Originally Posted by Homeles
Trinity is a lot more interesting than Ivy Bridge was. However, once again, I'm not impressed by Trinity. Llano was awesome -- great graphics performance and passable CPU performance in an affordable package.
Exactly, in reality Trinity needs to clock higher to match / beat Llano, but it's understandable since it is an improved BD architecture. It's still not at impressive levels yet, we still have to wait.
The avg OC's are 4.4 - 4.5 right?
Originally Posted by Homeles
Trinity is the same thing, but we've already seen it before with its predecessor. It's feature set is hardly expanded over Llano.
I do think that the AVX and FMA3 support is nice. Trinity will age well, while Llano owners will not be so fortunate.
The main problem I have with Trinity isn't actually with Trinity itself, but with the lack of interesting ultrabook designs that use it. I would kill for a Trinity based Zenbook, but such a thing doesn't exist.
As far as desktops go, to me personally, I have no need for Trinity. That's not to say it is useless for everyone -- if you're planning on gaming on the cheap, there's no better place to go. But if you're planning on upgrading to a better GPU someday, Intel is still quite enticing. Trinity also does not OC high enough to make a significant difference.
I don't have a problem with it. I'm just not blown away by it either. You can always count on OCN's desperate AMD apologists to misconstrue that.
Yet you're perfectly content with being one yourself. What hypocrisy.
I genuinely would like to know what is impressive about Trinity. Particualrly the desktop variety. That is not trolling.
At least FM2 has longevity and we'll be able to drop Kaveri in there. That's why I'd rather go with A85X from the get go, but those mobos need to be closer to $100.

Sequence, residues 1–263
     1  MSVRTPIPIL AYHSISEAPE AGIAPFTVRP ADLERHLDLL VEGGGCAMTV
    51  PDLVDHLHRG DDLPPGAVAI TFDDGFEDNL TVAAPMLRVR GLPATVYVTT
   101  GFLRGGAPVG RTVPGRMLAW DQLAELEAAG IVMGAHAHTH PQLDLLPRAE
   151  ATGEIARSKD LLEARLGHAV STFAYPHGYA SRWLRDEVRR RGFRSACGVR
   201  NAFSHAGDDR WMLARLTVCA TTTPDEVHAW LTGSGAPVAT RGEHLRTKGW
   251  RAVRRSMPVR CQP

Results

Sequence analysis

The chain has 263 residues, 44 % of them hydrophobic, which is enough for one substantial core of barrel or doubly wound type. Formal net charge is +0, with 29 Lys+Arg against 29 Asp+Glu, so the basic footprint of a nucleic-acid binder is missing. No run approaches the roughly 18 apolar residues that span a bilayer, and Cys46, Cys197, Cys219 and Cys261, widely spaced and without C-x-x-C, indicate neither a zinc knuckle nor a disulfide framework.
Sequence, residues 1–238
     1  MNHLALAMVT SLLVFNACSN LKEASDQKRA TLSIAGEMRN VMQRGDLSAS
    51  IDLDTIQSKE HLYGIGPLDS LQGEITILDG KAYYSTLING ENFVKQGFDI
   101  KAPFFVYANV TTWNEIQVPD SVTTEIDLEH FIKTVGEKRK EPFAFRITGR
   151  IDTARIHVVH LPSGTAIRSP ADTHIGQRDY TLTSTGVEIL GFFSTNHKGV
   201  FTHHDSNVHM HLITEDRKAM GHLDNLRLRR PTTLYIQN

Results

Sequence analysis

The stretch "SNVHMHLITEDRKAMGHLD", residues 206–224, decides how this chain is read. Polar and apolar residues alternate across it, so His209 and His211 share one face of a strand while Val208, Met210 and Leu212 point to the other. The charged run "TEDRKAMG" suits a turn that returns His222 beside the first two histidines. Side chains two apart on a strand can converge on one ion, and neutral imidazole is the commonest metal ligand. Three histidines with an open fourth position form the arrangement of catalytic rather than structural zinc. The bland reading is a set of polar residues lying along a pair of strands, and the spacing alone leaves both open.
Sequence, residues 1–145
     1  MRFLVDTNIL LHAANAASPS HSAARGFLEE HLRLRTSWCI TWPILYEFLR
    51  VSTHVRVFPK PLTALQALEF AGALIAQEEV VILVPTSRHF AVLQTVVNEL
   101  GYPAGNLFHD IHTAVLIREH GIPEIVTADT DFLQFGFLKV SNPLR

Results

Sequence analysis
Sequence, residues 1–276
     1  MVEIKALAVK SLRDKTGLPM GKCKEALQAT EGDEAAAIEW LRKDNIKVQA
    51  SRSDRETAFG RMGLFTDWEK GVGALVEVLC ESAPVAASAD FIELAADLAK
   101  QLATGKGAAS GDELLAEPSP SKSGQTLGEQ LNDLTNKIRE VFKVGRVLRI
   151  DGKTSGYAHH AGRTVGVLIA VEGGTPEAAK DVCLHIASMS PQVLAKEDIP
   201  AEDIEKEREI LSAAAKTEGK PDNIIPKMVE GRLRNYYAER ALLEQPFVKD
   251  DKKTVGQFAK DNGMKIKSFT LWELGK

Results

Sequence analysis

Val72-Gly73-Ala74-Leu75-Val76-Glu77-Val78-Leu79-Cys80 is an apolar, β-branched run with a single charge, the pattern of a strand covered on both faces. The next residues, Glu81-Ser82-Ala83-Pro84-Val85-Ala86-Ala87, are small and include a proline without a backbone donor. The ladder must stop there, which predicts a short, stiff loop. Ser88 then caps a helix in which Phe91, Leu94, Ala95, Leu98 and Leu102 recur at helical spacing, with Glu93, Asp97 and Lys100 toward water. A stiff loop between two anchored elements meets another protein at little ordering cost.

1 of the rigs will be an HTPC, the other is a secondary computer that the wife will mainly use. Trinity + an SSD in there will make it feel extremely fast compared to the 4400+ she's been using.
He can't answer the simple question, because really, Trinity is not impressive, it's decent and a nice improvement over Llano, that's about it, it's nice but not exciting.
Thanks! I haven't been keeping up with SSD's the last couple months, that's a great price for a 120GB SSD, I paid $229 for my 80GB, and it' nowhere near as fast. That's good RAM for the price too. There's also this one:
The Biostar motherboard, I'm not so sure, not a fan of Biostar, I'm looking at the possibility of going with A75 instead, makes more sense since I won't be crossfiring, at MOST I'll add a 6670 to one of the rigs, but I doubt it.
If I was buying an A85 mobo today, I'd go with:
But I'd also highly consider this instead to bring me closer to the $200 mark:
I'll wait a bit and see what combo deals pop up, as well as what other mobos come to market, I'd like a 5800K + A85 for $225, and the Mobo has to be ASUS, Gigabyte, ASRock, I wouldn't buy Biostar personally.
Originally Posted by AlphaC
^ point is : A85X motherboards are overpriced right now and it's driving up the system cost.
A75 is a better buy because Crossfire setups would be bottlenecked by A10 anyhow.
Price performance would be:
$150 trinity A75
$250 Trinity A85X
* i5, i7 systems are discounted, A85X is new so it is not.
AMD has always had great longevity and price/performance in mid-range. Athlon II/Phenom II came with a decent cooler with heatpipes, for example and outdid Core2Quad (and i3 for the most part).
$150 Trinity A75 is not realistic, $200 would be more like it. You're right on the A85 scenario, $250 Trinity is on the borderline expensive side, $100 A85 boards would be more like it.
Another thing we have to add to Trinity is a decent cooler like the 212, so add another $30 to that, and you're nearing $280.